The best way to avoid making these three types of mistakes is to use a more strategic approach to how you market your business. Doing so is especially important if you’re in startup mode with limited resources. To begin, take a close look at your current definition of marketing. Most people think marketing is promoting products and services. But strategic marketing is different. It’s about sharing your brand story in ways that connect with the right people so you get the right result.
Being strategic doesn’t mean you can’t have fun along the way. Marketing can be incredibly innovative and exciting. What other aspect of business involves throwing parties, making cool t-shirts and creating eye-catching logos? Just be sure you don’t put the cart before the horse.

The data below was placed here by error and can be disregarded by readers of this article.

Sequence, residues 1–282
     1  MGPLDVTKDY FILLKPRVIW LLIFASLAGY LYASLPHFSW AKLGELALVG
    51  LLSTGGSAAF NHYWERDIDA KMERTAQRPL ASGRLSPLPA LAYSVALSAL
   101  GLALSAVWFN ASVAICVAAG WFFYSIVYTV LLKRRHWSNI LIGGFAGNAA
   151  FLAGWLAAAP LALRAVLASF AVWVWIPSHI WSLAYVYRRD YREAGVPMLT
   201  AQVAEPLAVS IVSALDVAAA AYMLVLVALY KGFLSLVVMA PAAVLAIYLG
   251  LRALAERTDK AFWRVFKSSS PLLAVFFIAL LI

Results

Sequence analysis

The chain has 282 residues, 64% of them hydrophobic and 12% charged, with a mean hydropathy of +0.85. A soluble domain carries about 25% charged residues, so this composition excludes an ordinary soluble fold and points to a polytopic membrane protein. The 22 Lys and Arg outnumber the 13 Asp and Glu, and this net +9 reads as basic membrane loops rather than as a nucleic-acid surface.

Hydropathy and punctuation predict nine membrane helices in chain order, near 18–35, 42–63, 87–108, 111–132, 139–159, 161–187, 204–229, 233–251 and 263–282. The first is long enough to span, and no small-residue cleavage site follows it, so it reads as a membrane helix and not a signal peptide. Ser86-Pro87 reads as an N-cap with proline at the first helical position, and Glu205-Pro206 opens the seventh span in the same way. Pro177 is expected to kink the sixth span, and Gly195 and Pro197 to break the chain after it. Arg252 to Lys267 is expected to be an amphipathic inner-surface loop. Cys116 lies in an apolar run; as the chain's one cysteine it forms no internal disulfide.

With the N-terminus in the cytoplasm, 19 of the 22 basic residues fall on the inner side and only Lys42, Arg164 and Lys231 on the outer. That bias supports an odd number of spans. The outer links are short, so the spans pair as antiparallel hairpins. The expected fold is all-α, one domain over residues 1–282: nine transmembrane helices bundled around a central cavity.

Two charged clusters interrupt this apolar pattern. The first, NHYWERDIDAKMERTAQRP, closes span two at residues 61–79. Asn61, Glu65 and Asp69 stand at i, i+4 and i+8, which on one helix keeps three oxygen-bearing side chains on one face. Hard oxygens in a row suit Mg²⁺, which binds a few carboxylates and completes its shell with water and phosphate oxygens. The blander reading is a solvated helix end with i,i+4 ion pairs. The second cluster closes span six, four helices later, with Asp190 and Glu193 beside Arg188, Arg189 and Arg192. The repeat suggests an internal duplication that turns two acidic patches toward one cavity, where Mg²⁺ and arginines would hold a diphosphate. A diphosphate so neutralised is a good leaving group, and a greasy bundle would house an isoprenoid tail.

Here are three steps you can take to ensure there is purpose and intention behind your marketing efforts.
1. Map the landscape: Start by getting a lay of the land from every vantage point. Some call this a situational or SWOT (Strengths, Weaknesses, Opportunities and Threats) analysis. Whatever you call it, pull your team—or a few colleagues—together and map out what’s going on in and out of your business. Do a reality check of your current situation. Take a close look at the competitive environment, your industry and even the world at large when it comes to things like the economy and social issues.
I facilitated this type of strategy session for some members of the Washington State Bed & Breakfast (B&B) Association. In the process, they realized that neighboring residents could be their biggest threat, thanks to websites like Airbnb.com, a service that helps people monetize their extra living space. At the same time, the B&B group uncovered one of its greatest strengths: Many of Airbnb’s individual-owned rooms and apartments are not regulated. In contrast, all of the B&B group’s properties are fully licensed and inspected. That’s an important competitive advantage that could be promoted strategically to potential customers and with media outlets and other opinion influencers.